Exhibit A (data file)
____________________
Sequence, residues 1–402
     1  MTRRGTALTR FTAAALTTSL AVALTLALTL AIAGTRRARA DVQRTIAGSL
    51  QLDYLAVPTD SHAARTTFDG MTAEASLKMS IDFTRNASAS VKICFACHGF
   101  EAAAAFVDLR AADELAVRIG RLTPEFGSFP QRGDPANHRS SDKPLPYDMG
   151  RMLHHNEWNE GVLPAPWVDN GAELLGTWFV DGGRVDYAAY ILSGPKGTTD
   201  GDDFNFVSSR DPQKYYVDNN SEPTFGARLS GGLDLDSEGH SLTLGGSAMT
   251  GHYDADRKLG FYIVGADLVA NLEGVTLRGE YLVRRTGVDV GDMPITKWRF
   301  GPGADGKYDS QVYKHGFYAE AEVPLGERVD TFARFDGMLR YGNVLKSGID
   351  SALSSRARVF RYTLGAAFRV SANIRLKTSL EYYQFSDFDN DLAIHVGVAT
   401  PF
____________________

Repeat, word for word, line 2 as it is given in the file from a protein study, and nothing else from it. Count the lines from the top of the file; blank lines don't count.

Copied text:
     1  MTRRGTALTR FTAAALTTSL AVALTLALTL AIAGTRRARA DVQRTIAGSL